I’d like to offer my opinion of what that something might be: For background, I have to mention that I was taught that the myths passed down from one generation to the next in ancient (and aboriginal) societies were attempts to explain natural phenomena. The writings of Joseph Campbell showed me that isn’t so. Why isn’t it? Because those people had little interest in explaining things. Their focus was teaching the next generation how to live. The idea of employing communication methods to impart information is a very young Western idea. For most of human history, storytelling and writing were done for the purpose of communicating moral values or concepts. The ancients had no intention of setting down a chronicle of actual events when they wrote their histories; they were trying to communicate the principles upon which their society worked via an entertaining narrative. The aboriginals were not wanting their children to believe that people shape-shifted into animals; they were illustrating a useful life skill through the nature of an animal. Why they did this may explain why we find ourselves in the current dilemma.

In my seventy-several years of observing people and trying to understand why they do things, I’ve become convinced that the business of establishing a moral compass or philosophy to live by isn’t something that can be transferred from one individual to another as mere information. Since we are all individuals, the outworking of any principle will vary from person to person. I might agree with something I hear or read, but I won’t act upon it—it won’t become part of me—unless there is an emotional involvement. Emotion seems to open the door for truth to get down inside of me and churn around until it gets mixed into my value system. That’s the way we appear to be hooked up.

In my experience, Catechisms and commandments don’t work because there’s no emotional appeal. “Thou Shalt” and “Thou Shalt Not” only inflamed resistance to “Shalt” and desire for “Shalt Not.” I guess it’s because we all seem to have a built-in resistance to anything that doesn’t originate from our inner compass. On the other hand, when moral principles are part of a story that is taking me on an emotional ride, my innermost being is touched and there is a possibility that my moral compass might be reoriented.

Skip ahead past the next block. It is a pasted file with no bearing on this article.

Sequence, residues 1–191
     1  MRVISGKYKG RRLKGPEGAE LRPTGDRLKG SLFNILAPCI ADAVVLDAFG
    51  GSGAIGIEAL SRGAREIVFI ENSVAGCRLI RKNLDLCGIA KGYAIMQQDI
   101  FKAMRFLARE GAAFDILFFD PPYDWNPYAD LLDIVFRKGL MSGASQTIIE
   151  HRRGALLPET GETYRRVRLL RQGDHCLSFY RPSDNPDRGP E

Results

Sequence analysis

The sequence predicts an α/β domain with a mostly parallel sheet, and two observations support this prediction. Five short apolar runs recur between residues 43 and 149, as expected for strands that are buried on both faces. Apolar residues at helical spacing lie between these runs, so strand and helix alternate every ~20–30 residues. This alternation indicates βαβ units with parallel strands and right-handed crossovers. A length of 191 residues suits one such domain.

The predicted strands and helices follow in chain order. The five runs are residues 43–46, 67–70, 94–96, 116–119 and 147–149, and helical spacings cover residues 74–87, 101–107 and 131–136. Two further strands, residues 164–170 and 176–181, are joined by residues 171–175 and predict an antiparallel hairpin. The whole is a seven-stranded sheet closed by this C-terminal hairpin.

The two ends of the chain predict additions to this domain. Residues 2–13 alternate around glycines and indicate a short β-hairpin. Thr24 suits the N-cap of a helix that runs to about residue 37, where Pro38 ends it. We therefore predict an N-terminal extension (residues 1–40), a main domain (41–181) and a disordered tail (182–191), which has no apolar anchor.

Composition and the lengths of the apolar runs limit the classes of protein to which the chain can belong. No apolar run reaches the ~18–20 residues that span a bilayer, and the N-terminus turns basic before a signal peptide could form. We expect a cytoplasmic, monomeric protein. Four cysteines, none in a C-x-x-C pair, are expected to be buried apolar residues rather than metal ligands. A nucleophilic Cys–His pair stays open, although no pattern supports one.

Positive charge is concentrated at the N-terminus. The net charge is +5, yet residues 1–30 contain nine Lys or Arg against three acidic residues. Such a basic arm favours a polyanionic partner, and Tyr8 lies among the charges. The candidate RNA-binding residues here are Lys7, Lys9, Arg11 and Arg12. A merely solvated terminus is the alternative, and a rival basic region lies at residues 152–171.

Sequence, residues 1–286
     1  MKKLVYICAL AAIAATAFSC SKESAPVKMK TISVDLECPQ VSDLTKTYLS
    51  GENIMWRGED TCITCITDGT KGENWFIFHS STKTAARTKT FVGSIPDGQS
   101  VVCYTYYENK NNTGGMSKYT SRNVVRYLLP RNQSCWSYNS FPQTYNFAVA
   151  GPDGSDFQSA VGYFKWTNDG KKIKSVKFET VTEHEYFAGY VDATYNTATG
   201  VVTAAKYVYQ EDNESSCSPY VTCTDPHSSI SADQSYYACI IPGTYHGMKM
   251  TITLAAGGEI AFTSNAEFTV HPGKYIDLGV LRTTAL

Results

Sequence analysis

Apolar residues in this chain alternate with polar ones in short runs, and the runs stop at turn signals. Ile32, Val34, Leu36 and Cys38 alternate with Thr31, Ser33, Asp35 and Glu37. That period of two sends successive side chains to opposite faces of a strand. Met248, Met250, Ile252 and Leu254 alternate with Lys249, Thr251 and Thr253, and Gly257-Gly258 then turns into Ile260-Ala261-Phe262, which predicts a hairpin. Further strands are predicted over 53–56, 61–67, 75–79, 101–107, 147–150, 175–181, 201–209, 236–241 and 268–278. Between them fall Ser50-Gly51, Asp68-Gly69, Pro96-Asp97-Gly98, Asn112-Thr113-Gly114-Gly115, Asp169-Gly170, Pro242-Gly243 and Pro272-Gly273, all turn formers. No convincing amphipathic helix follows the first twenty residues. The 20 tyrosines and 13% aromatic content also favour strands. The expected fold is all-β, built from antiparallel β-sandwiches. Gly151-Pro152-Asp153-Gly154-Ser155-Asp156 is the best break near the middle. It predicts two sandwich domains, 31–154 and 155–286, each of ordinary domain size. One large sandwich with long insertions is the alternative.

I’d like to offer that the important something that we are missing is an appreciation of myth. Westerners try to communicate the lessons they’ve learned to the next generation by relating catalogues of facts and opinions. And, the next generation repeats the mistakes because their conscience remains untouched. By disregarding the importance of myth, we’ve lost the ability to pass the profit of our life experiences on.

But, we can take heart. All is not lost. As I said before, there is good news. Academics like Joseph Campbell are restoring our understanding of the importance of myth. Then, we’re ready when a modern myth like Star Wars comes along. Star Wars? Sure, it is a modern myth. Nobody expects it to be about actual events. It’s just a great yarn that illustrates a number of spiritual truths without preaching about judgement. It leaves the viewer free to appropriate according to his/her unique conscience.

As near as I can tell, when universal principles are taught in a manner that touches the heart and leaves the hearer free, people begin to sound more like Easterners or Aboriginals and things like ethical companies happen. In the words of Jon Landau, who produced Titanic and Avatar, “You can’t change the world by telling people to eat their broccoli…It all comes down to telling them a good story.”